Alyth Primary School
jmarchitects were commissioned via Hub East Central as lead design consultant for this project and have worked in collaboration with Perth & Kinross Council and the D&B Contractor from the outset.
Perth & Kinross Council/ Hub East Central
Prior to the start of the project, the existing Alyth Primary School was spread across a varied campus of Victorian School Building, various early 20th Century extensions and a 1960’s Junior High School Building, a large part of which had passed its usable life-span.
The project has comprised the design of a decant plan for the school, the demolition of various extensions to the original circa 1850 Victorian School to its original form, refurbishment of the Listed building to provide community facilities and a substantial, new-build extension to accommodate the new Primary School and Nursery. jmarchitects were integral to enabling the decant and phasing plan and for designing the project to allow for these interim stages whilst avoiding comprise in the quality of the final building. Due to the listed status of the existing Victorian School, considerable pre-application consultation process was required with Historic Scotland and the local Planning department. The re-use of an existing building and the accommodation of community uses within the programme posed an interesting challenge for the design. In response, jmarchitects developed the idea of a ‘Vennel’, or a street between buildings, as an organisational idea which would provide an effective circulation link and entry space between the new and old elements of the brief and provide critical separation between the school and the community facilities.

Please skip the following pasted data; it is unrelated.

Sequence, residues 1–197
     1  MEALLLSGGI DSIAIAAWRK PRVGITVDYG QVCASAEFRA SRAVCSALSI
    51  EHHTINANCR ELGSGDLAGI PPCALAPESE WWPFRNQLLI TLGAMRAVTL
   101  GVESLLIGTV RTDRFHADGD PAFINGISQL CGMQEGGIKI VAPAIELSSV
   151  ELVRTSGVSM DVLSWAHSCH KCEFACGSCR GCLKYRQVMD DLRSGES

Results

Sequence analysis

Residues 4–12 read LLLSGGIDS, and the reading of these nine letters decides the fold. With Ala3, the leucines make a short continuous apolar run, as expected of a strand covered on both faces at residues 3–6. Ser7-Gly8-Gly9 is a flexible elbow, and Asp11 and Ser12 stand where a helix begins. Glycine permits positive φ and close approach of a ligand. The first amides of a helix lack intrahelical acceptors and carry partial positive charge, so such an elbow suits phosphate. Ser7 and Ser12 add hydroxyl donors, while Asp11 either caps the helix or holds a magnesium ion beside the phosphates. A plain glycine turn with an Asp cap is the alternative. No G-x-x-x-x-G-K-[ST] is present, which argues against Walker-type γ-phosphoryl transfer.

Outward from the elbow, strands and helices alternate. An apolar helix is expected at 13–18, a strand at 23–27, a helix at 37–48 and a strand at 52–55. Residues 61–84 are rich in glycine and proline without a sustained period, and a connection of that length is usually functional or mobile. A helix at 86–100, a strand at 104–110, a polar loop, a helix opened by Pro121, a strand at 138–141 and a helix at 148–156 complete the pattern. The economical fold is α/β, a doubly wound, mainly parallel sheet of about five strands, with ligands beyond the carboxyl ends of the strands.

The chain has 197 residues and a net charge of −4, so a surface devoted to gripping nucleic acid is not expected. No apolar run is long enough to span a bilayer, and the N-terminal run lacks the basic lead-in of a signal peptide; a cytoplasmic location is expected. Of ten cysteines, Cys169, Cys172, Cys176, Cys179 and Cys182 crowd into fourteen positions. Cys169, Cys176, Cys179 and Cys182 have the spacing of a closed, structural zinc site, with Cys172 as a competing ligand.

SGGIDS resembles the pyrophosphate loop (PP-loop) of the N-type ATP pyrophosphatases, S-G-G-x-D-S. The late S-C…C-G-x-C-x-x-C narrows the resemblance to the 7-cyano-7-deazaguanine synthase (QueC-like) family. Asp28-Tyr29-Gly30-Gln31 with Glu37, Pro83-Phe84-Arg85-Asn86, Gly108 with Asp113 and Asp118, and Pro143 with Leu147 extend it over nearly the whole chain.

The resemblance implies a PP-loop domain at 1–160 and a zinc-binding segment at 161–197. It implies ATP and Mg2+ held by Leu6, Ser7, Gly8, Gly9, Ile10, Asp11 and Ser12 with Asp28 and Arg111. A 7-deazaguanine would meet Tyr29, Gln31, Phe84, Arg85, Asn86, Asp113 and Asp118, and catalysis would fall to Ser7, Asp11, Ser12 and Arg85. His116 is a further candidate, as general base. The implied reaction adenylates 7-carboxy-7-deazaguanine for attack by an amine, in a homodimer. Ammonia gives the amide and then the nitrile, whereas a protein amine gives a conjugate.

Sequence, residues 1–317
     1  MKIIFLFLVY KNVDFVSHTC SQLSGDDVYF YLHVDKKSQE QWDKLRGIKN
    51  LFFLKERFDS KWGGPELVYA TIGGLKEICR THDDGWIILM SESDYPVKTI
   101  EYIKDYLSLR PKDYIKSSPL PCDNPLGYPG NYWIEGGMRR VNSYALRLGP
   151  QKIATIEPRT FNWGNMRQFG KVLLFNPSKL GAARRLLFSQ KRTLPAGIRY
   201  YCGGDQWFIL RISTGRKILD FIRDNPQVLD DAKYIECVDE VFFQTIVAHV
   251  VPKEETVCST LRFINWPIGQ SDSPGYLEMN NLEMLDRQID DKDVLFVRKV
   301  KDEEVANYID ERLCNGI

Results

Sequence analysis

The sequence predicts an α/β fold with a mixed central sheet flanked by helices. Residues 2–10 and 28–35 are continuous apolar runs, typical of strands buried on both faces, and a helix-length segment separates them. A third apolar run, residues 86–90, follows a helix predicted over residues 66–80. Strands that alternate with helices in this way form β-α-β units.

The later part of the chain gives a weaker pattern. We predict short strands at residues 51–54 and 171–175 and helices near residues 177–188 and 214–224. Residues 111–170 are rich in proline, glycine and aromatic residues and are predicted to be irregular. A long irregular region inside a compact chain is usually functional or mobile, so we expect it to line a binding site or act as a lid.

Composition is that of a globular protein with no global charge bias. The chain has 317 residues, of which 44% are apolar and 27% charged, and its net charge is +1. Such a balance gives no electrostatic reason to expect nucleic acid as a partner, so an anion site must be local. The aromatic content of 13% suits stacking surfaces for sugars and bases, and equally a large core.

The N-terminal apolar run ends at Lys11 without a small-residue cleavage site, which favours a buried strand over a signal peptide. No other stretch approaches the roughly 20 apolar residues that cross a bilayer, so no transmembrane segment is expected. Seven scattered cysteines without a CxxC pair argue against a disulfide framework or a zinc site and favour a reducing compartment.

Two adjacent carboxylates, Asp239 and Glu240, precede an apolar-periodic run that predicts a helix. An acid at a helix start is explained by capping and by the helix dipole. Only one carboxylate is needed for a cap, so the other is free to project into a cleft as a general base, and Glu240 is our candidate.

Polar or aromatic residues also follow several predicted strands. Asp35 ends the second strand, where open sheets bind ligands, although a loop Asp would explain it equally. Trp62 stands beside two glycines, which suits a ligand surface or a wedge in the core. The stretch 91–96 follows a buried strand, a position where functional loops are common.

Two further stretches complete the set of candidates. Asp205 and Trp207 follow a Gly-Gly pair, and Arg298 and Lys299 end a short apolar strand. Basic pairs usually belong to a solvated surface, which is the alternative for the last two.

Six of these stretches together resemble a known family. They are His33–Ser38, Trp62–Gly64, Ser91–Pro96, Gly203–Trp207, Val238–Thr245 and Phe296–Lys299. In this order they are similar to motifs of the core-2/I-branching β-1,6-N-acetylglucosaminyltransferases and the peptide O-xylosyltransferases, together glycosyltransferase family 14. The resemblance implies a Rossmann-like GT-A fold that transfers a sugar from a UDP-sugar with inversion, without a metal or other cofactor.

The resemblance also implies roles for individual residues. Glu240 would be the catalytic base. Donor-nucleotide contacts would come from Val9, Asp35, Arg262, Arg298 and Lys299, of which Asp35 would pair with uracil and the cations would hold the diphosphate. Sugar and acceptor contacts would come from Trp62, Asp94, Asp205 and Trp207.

The new building is arranged in a courtyard form, delivering a flexible central space which binds the varying elements of the brief into a controlled space which will be used by the school & nursery for break-out and shared activities. In addition to providing a key learning space, the courtyard form acts as an environmental device which brings natural light and ventilation to the centre of the building. As a passive, sustainable design, the courtyard solution has allowed us to minimise the energy needs of the building.
The design of the learning spaces within the building delivers semi-open classrooms which focus on shared, flexible space. Circulation areas are doubled up as potential teaching and break-out areas; a key example being the Heller-up stair. This provides the main vertical circulation route for the primary school but also offers the potential of the stair seating as a story reading area, a seminar space or packed-lunch area for the children. The provision of adaptable spaces; areas that are not necessarily briefed but evolve from a critical analysis of the brief and opportunities of the building design, is something that we pride ourselves on.
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